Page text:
Re: [Videolib] Duplicating 3/4'' to 1/2''

Jessica Rosner (jrosner@kino.com)
Tue, 18 Mar 2003 17:57:04 -0500

um this is not brain surgery. all it takes for a BASIC copyright search is
a good researcher. LOC will do this for about $50 or a private researcher
for may be a little more. THIS IS CONSIDERED BASIC and I don't think
anything would hold up in court without a standard LOC search because it is
pretty much the first step for ANY copyright search.

I think this is a bit of a Red Herring because the bigger issue as posed in
this newsgroup seemed to be going ahead and copying something EVEN if you
could locate the copyright holder IF they chose not to make it available in
the most convenient format. This is the thing that REALLY scares me as
a representative of rights holder. Again if anyone thinks that is OK to
make a copy from say 16mm to video of a studio feature film that has not
been released on video or DVD , than I challenge you to do so AND INFORM the
rights holder that you have done it. If it is totally legal than you have
nothing to fear

Jessica
( who is back to being copyright grinch ie rights holder

-- 
Jessica Rosner
Kino International
333 W 39th St. 503
NY NY 10018
jrosner@kino.com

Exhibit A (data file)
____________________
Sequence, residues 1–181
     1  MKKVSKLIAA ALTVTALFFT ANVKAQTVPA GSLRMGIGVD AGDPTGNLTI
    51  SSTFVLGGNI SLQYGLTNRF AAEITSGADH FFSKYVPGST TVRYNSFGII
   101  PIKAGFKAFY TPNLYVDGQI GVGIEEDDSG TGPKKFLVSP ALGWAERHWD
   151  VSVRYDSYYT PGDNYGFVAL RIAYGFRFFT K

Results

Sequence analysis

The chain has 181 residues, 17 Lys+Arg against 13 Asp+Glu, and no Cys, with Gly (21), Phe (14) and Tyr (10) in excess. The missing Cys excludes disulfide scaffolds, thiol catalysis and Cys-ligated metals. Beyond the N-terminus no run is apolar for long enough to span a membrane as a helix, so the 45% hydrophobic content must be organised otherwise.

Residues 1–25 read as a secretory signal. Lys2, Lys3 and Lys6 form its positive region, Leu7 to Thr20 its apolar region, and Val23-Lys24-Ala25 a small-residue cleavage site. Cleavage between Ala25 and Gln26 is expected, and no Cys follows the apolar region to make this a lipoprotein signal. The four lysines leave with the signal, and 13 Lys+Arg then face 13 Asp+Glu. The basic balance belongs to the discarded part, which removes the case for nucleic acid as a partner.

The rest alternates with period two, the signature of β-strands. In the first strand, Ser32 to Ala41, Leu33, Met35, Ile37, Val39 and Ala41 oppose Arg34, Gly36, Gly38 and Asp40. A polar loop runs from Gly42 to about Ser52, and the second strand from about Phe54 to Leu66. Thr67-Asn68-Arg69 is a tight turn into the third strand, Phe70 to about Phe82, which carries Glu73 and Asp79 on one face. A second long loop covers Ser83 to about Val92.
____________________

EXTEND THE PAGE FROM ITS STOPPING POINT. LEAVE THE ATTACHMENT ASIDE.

> From: Mark Richie <Media2@bellatlantic.net> > Organization: EMTC > Reply-To: videolib@library.berkeley.edu > Date: Tue, 18 Mar 2003 17:24:55 -0500 > To: videolib@library.berkeley.edu > Subject: Re: [Videolib] Duplicating 3/4'' to 1/2'' > > Hm m m m m m m . . . . > Actually the standard for a "reasonable effort" is not that > high. It is spelled out in the Report Version of the > Copyright Law ( No. 94-1476) on page 76 and repeated > elsewhere. The Additional Views section of Title 17 was > written by the judiciary committee staff (read lawyers) > including the late Ivan Bender. This is where to turn to > get an explanation of what the language of each section was > INTENDED to mean or the thinking behind the wording along > with some examples. > > According to the Report version of Title 17 the search for > an unused copy of an out of print work will, "vary according > to the circumstances of a particular situation. It will > always require resources to commonly-known trade sources in > the United States, and in the normal situation also to the > publisher or other copyright owner (if the owner can be > located at the address listed in the copyright > registration), or an authorized reproducing service." > > BTW the line in parentheses is just as it shows in the > report. But clearly it is not a particularly high standard > and does not require a library to hire a private > investigator to track down the current copyright owner, nor > does it necessarily require searching outside the US for an > unused copy. > > Also, the 1998 revision of Section 108 changed the language > from "fair price" to "reasonable price." (108 (2)(b) Which, > presumably would allow a litigate to apply the "reasonable > person" standard if the price of obtaining the unused copy > for the purpose of scholarly research or preservation was > exhorbatant. > > 108(2)(b) can get confusing because Section 108(2)(i) > is the same wording as the old 108(2)(h) and the old 108 > (2)(i)was eliminated because the legal requirement of the > five year report had been fulfilled. > > Other language changes to the section on permissions adds > during the "last 20 years of any copyright term" INCLUDES > "performance" for scholarship. Previously it was pretty > clear you could make an archival or preservation copy but > you couldn't circulate it or display or perform the work. > > So the word to copyright holders is to send a change of > address notice to the Copyright notice asking that it be > attached to the original copyright registration file. > > Mark Richie > disclaimer: I am not a lawyer and I am not giving legal > advice. But I am a librarian, I just don't look like one . > . . . > > > > > > Ben Achtenberg wrote: >> >> I'm very curious to know how one could claim to have made a "reasonable >> effort" to find a new copy without having also made a reasonable effort to >> find the copyright holder -- i.e., the person or legal entity with the >> right to control the making and sale of such copies. >> >> Please note that the legal standard for "reasonable effort" is quite high >> these days. A query to your favorite listserv (even this one) and a quick >> "google" will not suffice. >> >> Please note also that the standard for what is a "fair" price is not >> something that you get to decide for yourself, any more than you can decide >> for yourself what you think is a fair price for the car you'd like to buy. >> There are legal criteria for "fairness" in this area as well. >> >> Ben >> >> At 06:38 PM 3/12/03 -0700, you wrote: >>> I've said it here before, and I will continue to say it.... >>> >>> US Copyright Law *SPECIFICALLY* grants permission to libraries to duplicate >>> materials in their collections when: >>> >>> the original is worn, damaged or in an obsolete format (3/4" is generally >>> regarded as obsolete) >>> a *reasonable* effort has been made to find a *new* replacement copy at a >>> *fair* price >>> >>> IF you meet these provisions, you do NOT need to track down the copyright >>> holder and seek permission to make these copies. >>> >>> While some on this list will vehemently argue against me on this... >>> I stand behind the copyright law, chapter and verse: Title 17. Chapter 1. >>> Sec.108. >>> >>> http://www4.law.cornell.edu/uscode/17/108.html >>> >>> >>> >>> >>> deg farrelly, Associate Librarian >>> Media/Communications Studies/Women's Studies >>> Arizona State University West >>> P.O. Box 37100 >>> Phoenix, Arizona 85069-7100 >>> Phone: 602.543.8522 >>> Email: deg@asu.edu >>> >>> >>> >>> >>> >>>>>>> KStanton@library.unt.edu 03/12/03 10:35AM >>> >>>> >>>> Hi >>>> >>>> My library is weeding out all of our 3/4inch tapes and my job is to >>>> track down the copyright owners and get permission to make 1/2inch >>>> transfer for the titles we want to keep. There are a few titled I >>>> haven't been able to find anything on. If anybody has any info it >>>> would >>>> help a lot. Thanks. >>>> >>>> Symphony No. 6 in F Major, Op. 68 >>>> dir: Robert Saudek (1970) >>>> >>>> Debs >>>> American Peoples Historical Society (1979) >>>> >>>> Lighting and Staging Techniques >>>> Imero Fiorentino Associates, Inc (1980) >>>> >>>> Also- We have a film called Future Shock(1972) which Metromedia >>>> Producers Corp. was responsible for. I believe FOX took over >>>> Metromedia, >>>> but when I contacted them I was told they do not hold the rights to >>>> this >>>> film. Any ideas where else to look. Thanks again. >>>> >>>> K. Stanton >>>> Special Projects Supervisor >>>> University of North Texas, Media Library >>>> kstanton@library.unt.edu >>>> >>> _______________________________________________ >>> Videolib mailing list >>> Videolib@library.berkeley.edu >>> http://www.lib.berkeley.edu/mailman/listinfo/videolib >> >> Ben Achtenberg / Fanlight Productions >> 4196 Washington Street, Boston, MA 02131 >> (617) 469-4999 Fax: (617) 469-3379 >> Email: Ben@Fanlight.com >> >> ******************************** >> VISIT OUR WEBSITE: www.fanlight.com >> ******************************** >> >> _______________________________________________ >> Videolib mailing list >> Videolib@library.berkeley.edu >> http://www.lib.berkeley.edu/mailman/listinfo/videolib > _______________________________________________ > Videolib mailing list > Videolib@library.berkeley.edu > http://www.lib.berkeley.edu/mailman/listinfo/videolib